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The peace it brings to the pilgrims amidst the rubbles
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More climbing required … the price is at the top of the stairs
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The stairs … along the way you will be welcomed by HIndu gods to guide your way, to the enlightenment
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Constructions commence. The community reinforced the structure to prevent further collapse
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One of the last standing column/stupa that’s reinforced for safety and reconstruction
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One of the stupa that didn’t make it … it was reduced to a stub
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The temple complex with the round bell for everyone to turn as they pass by praying
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One monkey contemplates the outcome of the destruction the earthquake brought to his temple
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Monkeys are part of the life in the temple
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Bells left hanging secured by those huge chains
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Rubbles blocking the way to the other side of the complex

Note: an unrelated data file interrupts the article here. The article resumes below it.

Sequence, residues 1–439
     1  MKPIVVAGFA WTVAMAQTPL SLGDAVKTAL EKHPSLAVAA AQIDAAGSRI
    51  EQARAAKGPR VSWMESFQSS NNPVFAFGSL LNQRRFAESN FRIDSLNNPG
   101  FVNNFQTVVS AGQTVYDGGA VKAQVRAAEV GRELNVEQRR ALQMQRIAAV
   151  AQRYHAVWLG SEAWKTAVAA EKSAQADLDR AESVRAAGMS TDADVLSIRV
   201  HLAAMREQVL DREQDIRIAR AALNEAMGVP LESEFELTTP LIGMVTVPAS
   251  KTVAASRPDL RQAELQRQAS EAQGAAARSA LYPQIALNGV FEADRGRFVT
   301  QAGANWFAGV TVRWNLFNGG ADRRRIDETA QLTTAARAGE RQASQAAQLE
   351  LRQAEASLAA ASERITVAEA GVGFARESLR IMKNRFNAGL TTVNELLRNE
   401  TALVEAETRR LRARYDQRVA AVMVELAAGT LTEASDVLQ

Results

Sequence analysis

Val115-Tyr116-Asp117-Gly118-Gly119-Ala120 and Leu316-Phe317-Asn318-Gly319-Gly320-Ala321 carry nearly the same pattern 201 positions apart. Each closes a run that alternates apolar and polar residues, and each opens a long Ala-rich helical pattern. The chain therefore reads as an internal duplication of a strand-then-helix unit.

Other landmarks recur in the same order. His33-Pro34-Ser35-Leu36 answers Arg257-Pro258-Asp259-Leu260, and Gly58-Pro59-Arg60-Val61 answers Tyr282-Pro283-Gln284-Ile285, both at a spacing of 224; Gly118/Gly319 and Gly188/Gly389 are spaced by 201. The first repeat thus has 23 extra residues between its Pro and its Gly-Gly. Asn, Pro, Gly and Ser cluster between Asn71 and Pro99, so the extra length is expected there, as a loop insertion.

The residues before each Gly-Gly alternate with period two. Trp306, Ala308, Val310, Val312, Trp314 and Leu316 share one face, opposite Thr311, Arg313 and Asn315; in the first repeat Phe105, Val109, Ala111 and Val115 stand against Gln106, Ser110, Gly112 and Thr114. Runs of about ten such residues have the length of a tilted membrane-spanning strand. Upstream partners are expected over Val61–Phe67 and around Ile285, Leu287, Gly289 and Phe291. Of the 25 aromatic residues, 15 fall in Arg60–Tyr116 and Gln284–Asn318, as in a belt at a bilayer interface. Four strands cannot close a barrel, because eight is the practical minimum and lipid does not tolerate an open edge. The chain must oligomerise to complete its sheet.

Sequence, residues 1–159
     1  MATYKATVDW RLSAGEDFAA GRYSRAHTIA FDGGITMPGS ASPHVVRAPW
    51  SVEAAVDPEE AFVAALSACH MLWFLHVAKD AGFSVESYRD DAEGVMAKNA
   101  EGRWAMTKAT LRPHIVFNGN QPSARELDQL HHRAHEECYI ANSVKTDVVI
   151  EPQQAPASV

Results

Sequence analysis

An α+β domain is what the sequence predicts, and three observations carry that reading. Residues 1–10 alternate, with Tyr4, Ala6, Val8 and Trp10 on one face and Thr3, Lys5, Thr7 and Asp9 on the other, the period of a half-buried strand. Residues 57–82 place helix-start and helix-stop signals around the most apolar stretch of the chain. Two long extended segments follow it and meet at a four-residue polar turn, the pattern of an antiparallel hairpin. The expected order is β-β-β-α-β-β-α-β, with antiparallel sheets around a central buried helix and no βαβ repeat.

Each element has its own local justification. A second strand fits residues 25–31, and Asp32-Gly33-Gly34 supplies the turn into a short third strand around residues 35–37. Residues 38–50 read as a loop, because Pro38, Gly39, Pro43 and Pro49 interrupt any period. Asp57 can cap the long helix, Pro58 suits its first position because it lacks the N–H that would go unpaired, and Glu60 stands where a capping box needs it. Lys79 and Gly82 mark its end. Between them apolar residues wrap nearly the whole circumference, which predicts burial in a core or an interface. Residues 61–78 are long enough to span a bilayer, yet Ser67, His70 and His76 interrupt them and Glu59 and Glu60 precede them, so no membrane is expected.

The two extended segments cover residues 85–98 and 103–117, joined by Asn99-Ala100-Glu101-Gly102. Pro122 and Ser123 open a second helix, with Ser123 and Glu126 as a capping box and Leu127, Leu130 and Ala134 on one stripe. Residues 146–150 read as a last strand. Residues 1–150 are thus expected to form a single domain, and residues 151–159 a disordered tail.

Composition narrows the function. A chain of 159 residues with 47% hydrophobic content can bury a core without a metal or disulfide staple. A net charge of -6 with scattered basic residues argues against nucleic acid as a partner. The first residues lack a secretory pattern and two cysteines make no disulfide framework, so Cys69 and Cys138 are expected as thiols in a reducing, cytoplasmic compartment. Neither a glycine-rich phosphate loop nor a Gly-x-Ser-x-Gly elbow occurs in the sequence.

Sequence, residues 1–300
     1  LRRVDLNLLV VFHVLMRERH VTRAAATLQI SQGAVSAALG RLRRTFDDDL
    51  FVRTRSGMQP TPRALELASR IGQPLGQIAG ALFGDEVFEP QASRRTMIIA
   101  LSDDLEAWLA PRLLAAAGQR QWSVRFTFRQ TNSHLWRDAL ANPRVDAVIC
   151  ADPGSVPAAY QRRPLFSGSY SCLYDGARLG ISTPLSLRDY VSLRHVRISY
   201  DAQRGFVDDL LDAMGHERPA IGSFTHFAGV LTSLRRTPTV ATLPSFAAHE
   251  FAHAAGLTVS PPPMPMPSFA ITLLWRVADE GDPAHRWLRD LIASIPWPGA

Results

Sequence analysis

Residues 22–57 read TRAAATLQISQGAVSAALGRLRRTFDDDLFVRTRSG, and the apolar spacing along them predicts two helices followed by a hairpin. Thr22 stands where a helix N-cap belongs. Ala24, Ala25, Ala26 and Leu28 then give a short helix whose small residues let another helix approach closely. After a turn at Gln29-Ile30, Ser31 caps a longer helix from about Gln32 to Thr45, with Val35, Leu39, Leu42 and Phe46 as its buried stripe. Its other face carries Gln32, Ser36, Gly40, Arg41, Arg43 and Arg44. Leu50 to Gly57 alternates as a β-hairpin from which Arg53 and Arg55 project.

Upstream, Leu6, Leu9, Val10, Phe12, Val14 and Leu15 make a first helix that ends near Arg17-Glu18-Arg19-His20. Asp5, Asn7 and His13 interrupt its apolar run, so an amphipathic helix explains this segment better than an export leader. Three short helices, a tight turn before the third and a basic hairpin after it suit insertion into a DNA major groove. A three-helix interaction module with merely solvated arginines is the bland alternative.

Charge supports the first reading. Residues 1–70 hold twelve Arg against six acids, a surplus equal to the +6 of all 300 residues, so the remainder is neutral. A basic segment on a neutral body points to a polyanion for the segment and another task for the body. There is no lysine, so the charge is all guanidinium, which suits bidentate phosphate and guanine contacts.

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Cracks in the wall of an old building that houses monks looking after the temple complex
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It all comes down to this … more rubbles
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More structure damage … some of them are condemned to be demolished completely
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Debris everywhere … the red building is an old library and bookstore
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Houses of monks destroyed during the quake
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Piles of rubble from buildings that collapsed during the shake
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One of the stupas and housing complex for the monks

Traveling with Purpose

Two thousand and sixteen was my best travel year so far! It was not just simply traveling; it has purpose and meaning.

I was working in the holiest of the land and was able to do my pilgrimage to two other sites that all Christians wish to walk through and relieve the journey of the first pilgrims beginning from Jesus Christs.

Although I lived in the Gaza Strip, in the occupied Palestinian Territory three weeks in a row, I get to spend at least two weekends in a month in Jerusalem when I am commuting to work in the West Bank five days in a month. Inside Gaza, I attended the only Catholic Church – the Holy Family Church every Saturday located in the middle of the old city under the Latin Patriarchate and joined the less than 100 Catholics living there in the celebrations.

When in Jerusalem, every weekend I get to go and walk in the Old City of Jerusalem and experience first hand (over and over) the sights and sound of the lives of the first Christians, Muslims, Orthodox, and Jews. Walking on the pavement where Jesus carried the cross to Mount Calvary and be laid in the tomb that is now enclosed by the Basilica of the Holy Sephulcre. I even got to spend the Holy Week in Jerusalem when I first moved to Israel, and it was surreal.